“You are funny, but enlighten me...,” meeoowed pussy half asleep under a chair in the lounge of the Perera house.
“I was listening to bossa reading the papers. That Emerson was a suddha governor no?” The bird sounded mysterious; as if he was on to a classified secret. “No wonder he did not talk about elephants, our governor’s latest status chase. Supplying baby elephants to governors who wish to tie them to a tree in a back yard for a pompoms show; “I own an elephant; his name is Weeraya,” is a thriving business now. There are baby elephant snatchers who even kill elephant mothers to sell the small fellows to status chasers at fantastic prices; millions I have heard.”
“Purshsh, I can’t understand such cruelty,” said pussy. “What are the politiccas, wild life fellows and cops doing?”
“Thuhoot, most of them are in the jumbo game; the money is so good. Why even a hamudurwo has succumbed to the charms of a baby jumbo he says somebody left at his asapu door.”
“Ha-ha-haaaa, that’s a funny one, must have been for something religious,” pussy laughed some more.
“It’s not only a monk; even a magistrate and a judge are in the picture; damn shame, I say I am sure there are politiccas as guilty but there’s a hush-hush and a news blackout on their home-garden orphanages. That’s nothing surprising, don’t you think? Anyway, when such dramas are unfolding and elephants are crashing into villages when cramped for space resulting in elephant-human mini-wars, other governors are chasing after elephants for pageants also called peraheras. They say they can’t have them without elephants.”
“Meeooow, how many peraheras do our governors have anyway?”
“Thuhooooot! God knows. The Kandy Perahera is the most important one, but there are heaps of Devale peraheras spread throughout the country. The elephants must be getting calluses just marching never-ending miles in those hyped up parades,” hooted the bird.
“There is no question of stopping them–they have long histories and are of cultural importance,” purred pussy.
“Agreed, so what to do then?” The
“Simple; very simple; first ban all elephants being kept in the back gardens of wallawwas, in temples, estates and houses of politiccas and other biggies collecting live status symbols just to show how important and rich they are. Also ban them being used for work like pulling, pushing and loading logs and things and performing in zoo circuses. I heard that jumbos are poked and pricked no end when being trained to sit on tiny stools, stand on one leg, march trunk to tail, clamber on a neigbhour’s back and dance an elephant twist in slow motion. It is demeaning; elephants are majestic animals and have rights. If elephants are a must for our governors’ peraheras there should be an elephant to take part in them. Call it a special perahera brigade if you like. In fact there should be more than one brigade so that the jumbos can be rotated without marching a few available ones from one perahera to another literally out of their minds. And they should be rested, fed, bathed and looked after. The government has to take that responsibility. Elephants are national assets, and should not be left in the hands of governors who only treat them as ego-boosting trophies,” purred pussy.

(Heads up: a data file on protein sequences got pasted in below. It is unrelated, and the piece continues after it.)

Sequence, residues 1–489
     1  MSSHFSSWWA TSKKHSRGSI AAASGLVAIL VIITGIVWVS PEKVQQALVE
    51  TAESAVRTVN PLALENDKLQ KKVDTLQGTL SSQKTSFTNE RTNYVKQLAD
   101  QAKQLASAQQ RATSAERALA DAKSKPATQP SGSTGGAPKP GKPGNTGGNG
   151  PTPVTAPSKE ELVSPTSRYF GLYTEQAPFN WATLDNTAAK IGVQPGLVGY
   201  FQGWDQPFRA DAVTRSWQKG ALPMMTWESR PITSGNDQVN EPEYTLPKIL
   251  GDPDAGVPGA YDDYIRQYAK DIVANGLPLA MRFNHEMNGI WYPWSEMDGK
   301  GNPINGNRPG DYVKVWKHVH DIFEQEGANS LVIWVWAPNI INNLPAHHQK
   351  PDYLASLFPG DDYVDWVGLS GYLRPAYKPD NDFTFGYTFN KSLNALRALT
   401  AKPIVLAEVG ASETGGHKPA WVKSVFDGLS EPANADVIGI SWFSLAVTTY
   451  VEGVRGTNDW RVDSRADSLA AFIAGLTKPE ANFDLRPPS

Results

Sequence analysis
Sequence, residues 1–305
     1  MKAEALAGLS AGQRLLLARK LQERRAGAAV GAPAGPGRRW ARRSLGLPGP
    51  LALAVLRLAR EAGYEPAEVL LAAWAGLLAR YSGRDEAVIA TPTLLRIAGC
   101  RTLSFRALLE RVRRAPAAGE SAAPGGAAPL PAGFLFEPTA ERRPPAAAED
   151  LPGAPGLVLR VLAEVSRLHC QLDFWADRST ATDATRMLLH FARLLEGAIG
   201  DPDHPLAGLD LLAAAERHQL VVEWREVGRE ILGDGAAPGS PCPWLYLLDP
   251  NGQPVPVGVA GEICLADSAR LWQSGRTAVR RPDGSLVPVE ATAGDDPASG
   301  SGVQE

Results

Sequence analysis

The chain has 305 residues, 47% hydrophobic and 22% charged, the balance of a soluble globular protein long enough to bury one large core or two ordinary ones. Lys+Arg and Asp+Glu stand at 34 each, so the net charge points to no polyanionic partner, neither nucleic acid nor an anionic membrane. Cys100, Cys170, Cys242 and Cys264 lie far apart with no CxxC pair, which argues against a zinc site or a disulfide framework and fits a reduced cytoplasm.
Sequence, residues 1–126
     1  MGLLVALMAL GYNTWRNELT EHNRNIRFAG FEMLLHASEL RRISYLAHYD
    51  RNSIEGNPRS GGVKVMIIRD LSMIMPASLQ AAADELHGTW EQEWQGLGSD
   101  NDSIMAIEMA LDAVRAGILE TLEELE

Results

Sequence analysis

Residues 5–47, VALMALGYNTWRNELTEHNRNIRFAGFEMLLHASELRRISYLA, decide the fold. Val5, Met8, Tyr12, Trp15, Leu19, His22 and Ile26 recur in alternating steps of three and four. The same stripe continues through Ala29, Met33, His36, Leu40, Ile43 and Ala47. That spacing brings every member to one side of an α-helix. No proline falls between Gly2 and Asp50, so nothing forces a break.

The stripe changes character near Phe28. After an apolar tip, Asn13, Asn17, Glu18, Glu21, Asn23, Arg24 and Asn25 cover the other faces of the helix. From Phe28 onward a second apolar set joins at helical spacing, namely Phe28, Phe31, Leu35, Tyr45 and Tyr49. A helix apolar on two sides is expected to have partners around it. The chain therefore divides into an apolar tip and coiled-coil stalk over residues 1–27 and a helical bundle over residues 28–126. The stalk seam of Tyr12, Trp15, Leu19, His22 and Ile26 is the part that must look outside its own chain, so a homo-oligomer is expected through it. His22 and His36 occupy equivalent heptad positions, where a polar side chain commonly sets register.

“Thuhoot; so what’s keeping our governors’ lokkas doing what has to be done? Some even say elephants are going extinct.”
“Aaaaah! Plain lack of grey matter, will and guts to face those who may not agree with its decisions. And the way things have been sliding, I wonder for how much longer jumbos will be around. One day our governors will have to make do with peraheras without their star performers–elephants.”
"Supplying baby elephants to governors who wish to tie them to a tree in a back yard for a pompoms show; “I own an elephant; his name is Weeraya,” is a thriving business now "